Music by Steve Reich
Video by Beryl Korot
This documentary video opera recalls three well known events from the 20th century; the Hindenburg explosion, the Bikini Atoll nuclear tests, and Dolly the cloned sheep. Each of these reflects on the growth and implications of technology during the 20th century. The debate about the physical, ethical, and religious nature of our expanding technological environment continues to grow.
Three Tales is a video-opera in three acts (titled Hindenburg, Bikini and Dolly) with music by American composer Steve Reich and visuals by Beryl Korot, his wife. It is scored for two sopranos, three tenors, string quartet, percussion, keyboards, and pre-recorded audio. Its premiere was at the Vienna Festival on May 12, 2002; the BBC had commissioned a version for television broadcast four months later. The 12-minute tale Hindenburg had been written (and recorded) in 1998, while the remaining tales were completed (and recorded) in the year of the premiere.
The musical narrative of Three Tales follows "speech melodies" of pre-recorded interviews, and in many ways resembles Reich's works The Cave (1990–1993), City Life (1995) and Different Trains (1988).
Steve Reich - Music
Steve Reich (b. 1936) has been called "America’s greatest living composer" (The Village VOICE), "...the most original musical thinker of our time" (The New Yorker), and "...among the great composers of the century" (The New York Times). His music has influenced composers and mainstream musicians all over the world. Music for 18 Musicians and Different Trains have earned him two GRAMMY awards, and in 2009 his Double Sextet won the Pulitzer Prize. His documentary video opera works—The Cave and Three Tales, done in collaboration with video artist Beryl Korot—have been performed on four continents. His latest work Quartet, for percussionist Colin Currie, sold out two consecutive concerts at Queen Elizabeth Hall in London shortly after tens of thousands at the Glastonbury Festival heard Jonny Greenwood (of Radiohead) perform Electric Counterpoint followed by the London Sinfonietta performing his Music for 18 Musicians. In 2012 he was awarded the Gold Medal in Music by the American Academy of Arts and letters. Earlier he won the Preamium Imperale in Tokyo, the Polar Prize in Stockholm, the BBVA Award in Madrid and recently the Golden Lion at the Biennale de Venzia. He has been named Commandeur de l’ordre des Arts et letters and has been awarded honorary doctorates by the the Royal College of Music, London, the Juilliard School in New York, and the Liszt Academy in Budapest among others. "There's just a handful of living composers who can legitimately claim to have altered the direction of musical history and Steve Reich is one of them," states The Guardian.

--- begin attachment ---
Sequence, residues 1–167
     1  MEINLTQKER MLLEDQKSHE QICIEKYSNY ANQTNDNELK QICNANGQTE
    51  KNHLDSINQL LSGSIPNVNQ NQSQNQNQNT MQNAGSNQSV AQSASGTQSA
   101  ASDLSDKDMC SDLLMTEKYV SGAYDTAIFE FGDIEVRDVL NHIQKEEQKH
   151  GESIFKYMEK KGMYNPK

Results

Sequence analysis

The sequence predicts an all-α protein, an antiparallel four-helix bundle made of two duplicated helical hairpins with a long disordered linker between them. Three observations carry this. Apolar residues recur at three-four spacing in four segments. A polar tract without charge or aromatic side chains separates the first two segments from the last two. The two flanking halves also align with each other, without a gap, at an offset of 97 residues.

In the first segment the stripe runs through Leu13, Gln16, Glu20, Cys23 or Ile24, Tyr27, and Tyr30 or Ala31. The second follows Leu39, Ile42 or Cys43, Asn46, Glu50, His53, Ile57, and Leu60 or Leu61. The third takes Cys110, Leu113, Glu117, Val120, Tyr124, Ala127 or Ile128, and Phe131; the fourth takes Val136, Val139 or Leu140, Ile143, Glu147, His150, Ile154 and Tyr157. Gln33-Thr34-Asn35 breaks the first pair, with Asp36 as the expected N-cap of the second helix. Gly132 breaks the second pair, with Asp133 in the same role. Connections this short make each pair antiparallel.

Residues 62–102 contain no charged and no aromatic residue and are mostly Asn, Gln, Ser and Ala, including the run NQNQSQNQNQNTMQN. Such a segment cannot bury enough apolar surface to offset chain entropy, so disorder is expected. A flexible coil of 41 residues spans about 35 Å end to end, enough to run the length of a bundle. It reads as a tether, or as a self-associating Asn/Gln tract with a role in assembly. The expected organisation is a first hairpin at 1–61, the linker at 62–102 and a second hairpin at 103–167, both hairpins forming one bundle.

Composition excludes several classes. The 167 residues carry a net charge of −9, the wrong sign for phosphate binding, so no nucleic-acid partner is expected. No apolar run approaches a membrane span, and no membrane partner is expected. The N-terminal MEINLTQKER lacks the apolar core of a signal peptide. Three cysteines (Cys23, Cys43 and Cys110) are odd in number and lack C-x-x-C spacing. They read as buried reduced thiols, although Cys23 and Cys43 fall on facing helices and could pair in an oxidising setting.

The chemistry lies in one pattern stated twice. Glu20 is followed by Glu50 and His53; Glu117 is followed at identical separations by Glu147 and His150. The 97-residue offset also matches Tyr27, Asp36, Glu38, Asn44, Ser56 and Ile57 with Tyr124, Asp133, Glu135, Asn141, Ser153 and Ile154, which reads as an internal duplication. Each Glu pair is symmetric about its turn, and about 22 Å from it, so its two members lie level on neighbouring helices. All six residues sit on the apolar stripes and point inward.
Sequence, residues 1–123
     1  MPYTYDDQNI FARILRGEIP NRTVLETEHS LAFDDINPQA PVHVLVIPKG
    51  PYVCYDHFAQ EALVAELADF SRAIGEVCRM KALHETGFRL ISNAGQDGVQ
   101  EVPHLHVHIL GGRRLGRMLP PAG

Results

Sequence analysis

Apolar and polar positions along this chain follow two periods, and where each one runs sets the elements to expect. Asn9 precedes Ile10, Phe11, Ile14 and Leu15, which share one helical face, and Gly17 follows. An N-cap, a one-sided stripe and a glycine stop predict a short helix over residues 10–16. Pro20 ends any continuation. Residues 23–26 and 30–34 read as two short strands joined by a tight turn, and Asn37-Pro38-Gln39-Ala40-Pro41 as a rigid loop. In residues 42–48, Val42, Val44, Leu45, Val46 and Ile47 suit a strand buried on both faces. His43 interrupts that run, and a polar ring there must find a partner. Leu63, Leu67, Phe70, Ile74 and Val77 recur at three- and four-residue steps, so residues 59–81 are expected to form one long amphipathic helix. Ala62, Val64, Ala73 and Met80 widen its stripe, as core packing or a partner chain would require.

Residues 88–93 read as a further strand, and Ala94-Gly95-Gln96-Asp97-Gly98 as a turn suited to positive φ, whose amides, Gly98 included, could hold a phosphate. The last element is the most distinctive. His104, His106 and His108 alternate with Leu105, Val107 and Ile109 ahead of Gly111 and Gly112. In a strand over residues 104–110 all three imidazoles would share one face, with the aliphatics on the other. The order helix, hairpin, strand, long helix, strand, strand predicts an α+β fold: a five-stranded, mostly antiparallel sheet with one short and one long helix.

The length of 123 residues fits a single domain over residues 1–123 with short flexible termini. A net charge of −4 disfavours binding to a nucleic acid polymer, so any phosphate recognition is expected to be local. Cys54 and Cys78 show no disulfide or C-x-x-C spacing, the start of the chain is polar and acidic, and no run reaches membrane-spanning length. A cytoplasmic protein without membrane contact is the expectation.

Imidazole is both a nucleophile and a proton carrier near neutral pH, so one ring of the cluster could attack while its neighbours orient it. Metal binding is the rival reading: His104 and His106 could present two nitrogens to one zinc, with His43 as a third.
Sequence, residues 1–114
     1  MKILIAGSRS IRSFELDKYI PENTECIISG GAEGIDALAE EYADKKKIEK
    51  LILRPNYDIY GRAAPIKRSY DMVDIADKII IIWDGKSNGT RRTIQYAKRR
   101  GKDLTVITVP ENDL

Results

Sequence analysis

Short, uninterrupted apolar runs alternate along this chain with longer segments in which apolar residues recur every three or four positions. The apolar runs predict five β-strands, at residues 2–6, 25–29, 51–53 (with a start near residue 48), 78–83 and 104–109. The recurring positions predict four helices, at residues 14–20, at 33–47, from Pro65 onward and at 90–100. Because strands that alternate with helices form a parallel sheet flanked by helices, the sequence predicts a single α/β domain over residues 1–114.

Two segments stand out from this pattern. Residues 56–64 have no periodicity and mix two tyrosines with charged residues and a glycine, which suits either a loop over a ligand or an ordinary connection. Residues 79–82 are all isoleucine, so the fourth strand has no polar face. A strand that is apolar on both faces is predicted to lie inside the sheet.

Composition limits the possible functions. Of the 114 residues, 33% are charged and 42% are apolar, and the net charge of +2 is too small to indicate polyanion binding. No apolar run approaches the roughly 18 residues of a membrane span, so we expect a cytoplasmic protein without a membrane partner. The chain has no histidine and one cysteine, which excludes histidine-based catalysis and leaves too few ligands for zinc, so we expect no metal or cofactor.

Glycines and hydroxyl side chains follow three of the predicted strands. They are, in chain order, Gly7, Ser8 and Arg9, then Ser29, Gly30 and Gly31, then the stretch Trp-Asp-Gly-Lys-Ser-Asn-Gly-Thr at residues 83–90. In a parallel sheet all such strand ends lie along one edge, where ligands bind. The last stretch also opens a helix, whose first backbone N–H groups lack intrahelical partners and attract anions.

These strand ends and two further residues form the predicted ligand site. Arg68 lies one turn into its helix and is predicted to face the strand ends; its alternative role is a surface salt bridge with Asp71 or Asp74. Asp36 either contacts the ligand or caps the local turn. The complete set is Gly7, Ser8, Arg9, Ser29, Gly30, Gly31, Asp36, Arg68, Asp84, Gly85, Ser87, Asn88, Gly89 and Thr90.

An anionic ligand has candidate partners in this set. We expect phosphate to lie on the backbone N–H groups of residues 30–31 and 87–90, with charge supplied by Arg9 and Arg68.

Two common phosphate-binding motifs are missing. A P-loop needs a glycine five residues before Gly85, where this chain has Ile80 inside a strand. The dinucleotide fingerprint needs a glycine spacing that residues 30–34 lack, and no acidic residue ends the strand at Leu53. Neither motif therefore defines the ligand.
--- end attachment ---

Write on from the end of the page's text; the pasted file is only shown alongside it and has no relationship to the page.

Beryl Korot - Video
Beryl Korot is a pioneer of video art and of multiple channel work in particular. She was co-editor of Radical Software (1970), the first publication to discuss the possibilities of the new video medium. Her first multiple channel works (Dachau, 1974 and Text and Commentary) have been exhibited at The Kitchen (1975), Leo Castelli Gallery (1977), Documenta 6 (1977), the Whitney Museum (1980 and 2002), The Carnegie Museum (1990) The Aldrich Museum (2010), bitforms gallery (2012), The Whitworth Gallery, (2013), Museum Abteiberg (2013, Art Fair Basel, ICA Boston and Tate Modern (2014). Her painted text-based handwoven canvases in an original language were exhibited in 1986 at the John Weber Gallery and in 1990 at the Carnegie Museum. Two collaborations with Steve Reich (The Cave, 1993, and Three Tales, 2002) brought video installation art into a theatrical context. Both works continue to be performed throughout the world and were exhibited as video installations at such venues as the Whitney Museum, the Carnegie Museum, the Reina Sofia, the Dusseldorf Kunstverein, and ZKM. In 2010 a mini retrospective of her work was exhibited for 6 months at The Aldrich Museum. Korot’s work is in both private and public collections. Text and Commentary was recently acquired by the Museum of Modern Art (NYC) and Dachau 1974, is in the Kramlich Collection's New Art Trust shared by SF MOMA, NY MOMA and Tate Modern. She is a Guggenheim Fellow (1994) and recipient of numerous grants including The National Endowment for the Arts, and Anonymous Was a Woman (2008). In 2000 she was a Montgomery Fellow at Dartmouth College.
Three Tales is a response to nearly one hundred years of modern technology, and concerns the explosion of the Hindenburg, nuclear testings on Bikini Atoll, and the cloning of Dolly the sheep (drawing connections between genetic engineering and artificial intelligence). The different stories are told from various perspectives, with speech culled from interviews with eyewitnesses, audiovisual documentary material of both the Hindenburg and Bikini tragedies, and experts in computer science (e.g. Marvin Minsky and Kevin Warwick), artificial intelligence (Rodney Brooks), religion (Rabbi Adin Steinsaltz), and genetic engineering (Richard Dawkins).
This activity is supported in part by the California Arts Council, a state agency. Learn more at www.arts.ca.gov
Supported in part by a grant from the Arts Council for Long Beach and the City of Long Beach.
Long Beach Opera events are supported, in part, by the Los Angeles County Board of Supervisors through the Los Angeles County Arts Commission